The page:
Kids are naturally curious. They want to know everything. Just telling them that an apple is good for them isn’t good enough. You need to tell them why. They are more likely to choose that apple over candy if they know why it’s important. You don’t have to get technical here. A simple, “Eat your carrots. It helps you have pretty eyes and great eye sight.” will work. Go ahead and tell them why NOT to eat something as well, such as chips. Be specific! A simple “it’ll make you fat” or “it’s just yummy” is not going to satisfy your curious child. I added the “it’ll make you fat” on purpose. PLEASE do not tell them that a food will make them skinny or fat. This will lead to a bad self image.
7. Make it visually pleasing
Make it pretty! I really like these cookie cutters for cutting sandwiches and cheese into designs. Turn your breakfast into a pancake smiley face. Make it theme related. For St. Patrick’s day have all green food and turn everything into a heart on Valentine’s Day. If it looks interesting, they will eat it.
8. Take them shopping
Make this a whole process. Work together to plan out the meals for the week and make a grocery list and then go shopping together. Again, this is a great way to build different skills. A lot of parents don’t take kids to the store because it is a hassle, but if you ask them to help they will be a great asset to your shopping adventure. Give them jobs such as counting, “We need 5 apples, can you help me count them?” Or send them on a scavenger hunt, “In this aisle we need tortillas, who can find them first?”
9. Don’t make junk food accessible
If it’s not in the house, they won’t eat it. Just don’t buy it, but on the other hand don’t deprive them either. It’s okay to have junk food every once in a while. Family game night? Okay let’s buy a bag of chips. But don’t have LOADS of junk food lying around the house. If it’s there it’s going to be tempting. Only buy junk food for special occasions like family game night, a celebration, or a picnic.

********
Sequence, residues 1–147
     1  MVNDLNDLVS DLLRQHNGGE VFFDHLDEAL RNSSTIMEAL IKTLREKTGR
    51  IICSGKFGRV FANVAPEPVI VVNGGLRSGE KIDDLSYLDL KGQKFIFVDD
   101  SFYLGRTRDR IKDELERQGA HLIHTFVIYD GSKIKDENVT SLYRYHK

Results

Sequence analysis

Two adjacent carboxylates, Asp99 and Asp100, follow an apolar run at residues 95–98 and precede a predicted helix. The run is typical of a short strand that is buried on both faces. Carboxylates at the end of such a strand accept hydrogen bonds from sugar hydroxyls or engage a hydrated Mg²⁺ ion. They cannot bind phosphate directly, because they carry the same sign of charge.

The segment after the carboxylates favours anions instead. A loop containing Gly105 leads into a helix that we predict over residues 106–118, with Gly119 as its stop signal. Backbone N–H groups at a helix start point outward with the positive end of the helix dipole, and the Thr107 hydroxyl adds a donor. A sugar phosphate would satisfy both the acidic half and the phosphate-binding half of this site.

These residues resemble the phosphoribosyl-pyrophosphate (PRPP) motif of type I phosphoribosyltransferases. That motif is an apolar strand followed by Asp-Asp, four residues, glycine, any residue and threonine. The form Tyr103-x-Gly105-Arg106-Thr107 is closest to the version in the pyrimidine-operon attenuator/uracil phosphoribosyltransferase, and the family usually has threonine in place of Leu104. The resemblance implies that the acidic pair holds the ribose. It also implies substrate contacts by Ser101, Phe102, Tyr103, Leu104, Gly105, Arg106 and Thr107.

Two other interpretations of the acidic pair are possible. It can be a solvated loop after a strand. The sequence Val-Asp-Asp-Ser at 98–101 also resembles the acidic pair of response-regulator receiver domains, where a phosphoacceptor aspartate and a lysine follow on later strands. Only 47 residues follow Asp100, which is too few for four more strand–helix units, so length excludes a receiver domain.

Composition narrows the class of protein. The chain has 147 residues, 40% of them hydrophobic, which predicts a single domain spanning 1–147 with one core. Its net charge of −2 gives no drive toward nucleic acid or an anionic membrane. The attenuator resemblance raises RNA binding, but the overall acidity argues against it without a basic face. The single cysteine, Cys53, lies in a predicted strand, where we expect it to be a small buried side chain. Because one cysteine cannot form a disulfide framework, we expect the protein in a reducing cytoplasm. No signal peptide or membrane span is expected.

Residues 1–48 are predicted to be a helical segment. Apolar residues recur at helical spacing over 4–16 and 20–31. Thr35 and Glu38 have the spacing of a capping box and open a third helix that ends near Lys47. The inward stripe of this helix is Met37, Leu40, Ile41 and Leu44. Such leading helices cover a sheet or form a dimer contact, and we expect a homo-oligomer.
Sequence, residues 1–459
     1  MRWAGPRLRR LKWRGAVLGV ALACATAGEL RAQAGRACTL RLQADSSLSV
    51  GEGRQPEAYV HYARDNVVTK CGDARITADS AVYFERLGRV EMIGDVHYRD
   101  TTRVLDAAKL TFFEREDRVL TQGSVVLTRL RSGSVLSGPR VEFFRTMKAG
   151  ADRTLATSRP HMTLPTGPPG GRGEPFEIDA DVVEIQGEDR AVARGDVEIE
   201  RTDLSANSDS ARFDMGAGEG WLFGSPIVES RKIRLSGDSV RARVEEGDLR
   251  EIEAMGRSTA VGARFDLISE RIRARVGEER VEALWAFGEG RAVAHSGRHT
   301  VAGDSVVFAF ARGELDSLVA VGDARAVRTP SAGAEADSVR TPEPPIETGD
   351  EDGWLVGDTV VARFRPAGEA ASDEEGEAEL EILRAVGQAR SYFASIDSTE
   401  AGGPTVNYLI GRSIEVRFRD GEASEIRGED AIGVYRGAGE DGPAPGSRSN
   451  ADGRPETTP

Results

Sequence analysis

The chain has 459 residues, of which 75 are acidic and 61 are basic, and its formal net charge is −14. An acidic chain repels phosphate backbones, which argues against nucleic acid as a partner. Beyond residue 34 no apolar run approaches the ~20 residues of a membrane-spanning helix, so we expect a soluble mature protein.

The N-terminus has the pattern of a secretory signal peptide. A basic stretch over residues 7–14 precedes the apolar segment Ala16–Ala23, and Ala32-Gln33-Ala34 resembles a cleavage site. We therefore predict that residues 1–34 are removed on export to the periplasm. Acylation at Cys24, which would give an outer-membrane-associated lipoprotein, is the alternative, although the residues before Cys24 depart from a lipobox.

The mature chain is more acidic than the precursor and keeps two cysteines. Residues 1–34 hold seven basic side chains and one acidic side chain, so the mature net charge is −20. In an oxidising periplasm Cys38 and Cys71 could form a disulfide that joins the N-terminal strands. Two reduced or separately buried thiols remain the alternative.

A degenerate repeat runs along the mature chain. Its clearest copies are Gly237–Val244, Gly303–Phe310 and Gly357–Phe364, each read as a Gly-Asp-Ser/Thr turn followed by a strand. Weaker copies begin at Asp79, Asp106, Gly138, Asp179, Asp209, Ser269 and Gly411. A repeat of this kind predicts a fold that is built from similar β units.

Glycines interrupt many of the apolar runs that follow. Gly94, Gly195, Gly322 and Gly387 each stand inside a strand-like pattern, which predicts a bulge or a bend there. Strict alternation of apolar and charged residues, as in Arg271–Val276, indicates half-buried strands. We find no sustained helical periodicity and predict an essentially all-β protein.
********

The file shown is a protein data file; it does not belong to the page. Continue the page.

10. Hide the Goods
This is my last resort tip. Some kids, and even husbands, just won’t touch a vegetable, especially if you start them on vegetables later in life. In this case, hide them. Hiding them should be a temporary fix. You want them to grow into a healthy adult eater. If you hide them, who is going to hide them when they grow up? Hiding them is a great way to give your child the nutrition while you work on slowly introducing them to vegetables that are not hidden. A piece of advice: If you give your child a carrot and he refuses to eat it, don’t tell him you hide it in his mac and cheese or he won’t eat anything any more. The Sneaky Chef is a great recipe book that hides food in your children, and husbands, meals.
The best tip I can give you is start early and make it fun. If kids associate stress with food than food will become their enemy when they get older.